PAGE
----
The design of offices and studios for the creative industry shouldn’t follow the route of traditional office layouts. Instead of just catering for your business, you should be catering for the individuals who make up your company, especially when recruiting for new members of the team. With companies like Google, Dropbox and Airbnb leading the way with creative offices, individuals expect creative companies to have offices that are different from the standard design.
They want to be inspired by the environment they’re surrounded by which is an extension of your brand. You wouldn’t go into the offices at Lego and expect workers to be in a greyscale room, sat in rows at computers. You’d expect to see colour and fun, spaces to imagine and create, the values that the brand stands for. So yours shouldn’t be any different.
The ideas and innovations of employees are what keep companies in the creative industries alive and the best ideas come together when employees can move away from their normal, logical thinking patterns. One way to foster creativity amongst your workers is to create zones. Everyone works best in different environments, so rather than shoehorn them into one, embrace the diversity. Like in a city, no two zones are the same, each have their own characteristics that feed into the personality of that place.
The best way to encourage your staff to think outside the box to solve problems and conjure ideas is to involve them from the offset. Listen to what gets their creative juices flowing, whether it’s an open space with a white board and pen, or private pod with a laptop and screen. This will not only give you a reason to invest in that breakout area or create huddle pods, but will save you money in the long run by increasing the productivity levels of your team members.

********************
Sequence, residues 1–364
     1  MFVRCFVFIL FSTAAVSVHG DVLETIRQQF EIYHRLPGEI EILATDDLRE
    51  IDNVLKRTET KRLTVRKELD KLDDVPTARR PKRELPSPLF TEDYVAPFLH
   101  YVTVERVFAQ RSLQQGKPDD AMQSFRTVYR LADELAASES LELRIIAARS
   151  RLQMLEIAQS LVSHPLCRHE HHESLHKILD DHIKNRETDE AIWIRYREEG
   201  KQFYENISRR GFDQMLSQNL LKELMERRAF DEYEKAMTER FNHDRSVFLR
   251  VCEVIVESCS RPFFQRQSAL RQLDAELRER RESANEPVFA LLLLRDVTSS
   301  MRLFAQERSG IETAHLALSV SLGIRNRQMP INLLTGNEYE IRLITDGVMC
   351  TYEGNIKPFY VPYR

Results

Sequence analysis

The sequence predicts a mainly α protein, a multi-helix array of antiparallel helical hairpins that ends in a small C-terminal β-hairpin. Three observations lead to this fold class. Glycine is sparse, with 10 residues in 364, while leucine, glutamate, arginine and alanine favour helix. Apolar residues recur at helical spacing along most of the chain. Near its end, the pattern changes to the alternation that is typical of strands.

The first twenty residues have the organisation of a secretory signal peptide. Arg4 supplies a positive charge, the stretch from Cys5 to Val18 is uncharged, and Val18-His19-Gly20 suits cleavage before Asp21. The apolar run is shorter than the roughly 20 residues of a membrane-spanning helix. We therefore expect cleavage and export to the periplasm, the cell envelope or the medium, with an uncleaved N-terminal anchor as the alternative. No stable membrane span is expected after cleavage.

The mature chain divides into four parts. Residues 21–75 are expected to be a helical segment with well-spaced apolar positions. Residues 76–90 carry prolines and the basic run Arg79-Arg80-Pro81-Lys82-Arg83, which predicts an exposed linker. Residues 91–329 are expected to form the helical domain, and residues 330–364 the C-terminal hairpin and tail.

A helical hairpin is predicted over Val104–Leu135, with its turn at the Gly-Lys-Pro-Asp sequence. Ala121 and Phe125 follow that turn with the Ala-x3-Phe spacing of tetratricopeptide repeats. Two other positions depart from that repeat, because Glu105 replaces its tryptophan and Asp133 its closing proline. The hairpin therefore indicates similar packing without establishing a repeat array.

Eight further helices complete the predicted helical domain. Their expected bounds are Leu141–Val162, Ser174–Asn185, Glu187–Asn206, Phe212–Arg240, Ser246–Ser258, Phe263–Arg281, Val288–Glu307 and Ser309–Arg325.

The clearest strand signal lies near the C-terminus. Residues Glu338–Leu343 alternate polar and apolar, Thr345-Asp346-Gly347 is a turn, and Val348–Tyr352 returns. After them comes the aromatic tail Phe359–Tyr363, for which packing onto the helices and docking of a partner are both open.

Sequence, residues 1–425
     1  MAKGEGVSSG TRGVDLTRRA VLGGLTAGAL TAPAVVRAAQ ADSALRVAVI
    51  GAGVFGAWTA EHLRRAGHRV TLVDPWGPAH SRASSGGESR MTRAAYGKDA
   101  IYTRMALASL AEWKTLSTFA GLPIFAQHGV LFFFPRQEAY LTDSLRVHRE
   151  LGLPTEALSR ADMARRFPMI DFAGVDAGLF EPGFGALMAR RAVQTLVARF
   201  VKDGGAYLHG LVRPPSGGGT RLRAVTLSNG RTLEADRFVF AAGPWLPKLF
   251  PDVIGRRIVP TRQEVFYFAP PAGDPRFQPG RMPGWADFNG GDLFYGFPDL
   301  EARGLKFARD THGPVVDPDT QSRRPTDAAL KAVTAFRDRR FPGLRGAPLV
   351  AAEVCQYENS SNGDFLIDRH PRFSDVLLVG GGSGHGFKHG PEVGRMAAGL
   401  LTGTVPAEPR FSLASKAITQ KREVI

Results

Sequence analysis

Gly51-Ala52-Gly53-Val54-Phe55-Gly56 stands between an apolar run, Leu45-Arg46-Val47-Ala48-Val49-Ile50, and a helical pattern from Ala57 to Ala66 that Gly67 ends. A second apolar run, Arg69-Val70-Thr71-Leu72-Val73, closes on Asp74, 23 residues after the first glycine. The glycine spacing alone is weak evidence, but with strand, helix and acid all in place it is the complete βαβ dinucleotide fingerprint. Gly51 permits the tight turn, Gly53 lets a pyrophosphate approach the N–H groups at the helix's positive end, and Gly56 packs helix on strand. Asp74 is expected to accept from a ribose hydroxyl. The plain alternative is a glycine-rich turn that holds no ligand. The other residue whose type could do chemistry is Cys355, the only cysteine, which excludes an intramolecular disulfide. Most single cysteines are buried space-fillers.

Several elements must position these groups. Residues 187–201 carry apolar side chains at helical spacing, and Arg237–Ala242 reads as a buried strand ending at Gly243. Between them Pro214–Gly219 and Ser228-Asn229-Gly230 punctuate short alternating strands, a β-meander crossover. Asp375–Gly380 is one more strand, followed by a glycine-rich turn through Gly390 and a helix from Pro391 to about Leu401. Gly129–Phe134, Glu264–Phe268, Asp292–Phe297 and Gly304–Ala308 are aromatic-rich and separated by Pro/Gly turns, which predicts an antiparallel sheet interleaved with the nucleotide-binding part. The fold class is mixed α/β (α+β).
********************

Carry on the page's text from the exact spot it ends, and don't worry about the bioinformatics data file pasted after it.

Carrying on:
Constant evolvement is key for offices in the creative industries, your employees need to feel energized and inspired when they walk through your doors. Over time, keeping spaces the same won’t stir creativity in your employees like it once did, so consider changing up your office areas. Move plants around and change the artwork on the walls to freshen up your breakout and collaborative spots. Ensure you have also made contingency plans for team growth in your office design. Nothing hinders creativity like overcrowding, so finding the balance of not enough space and too much space should be integral to your planning.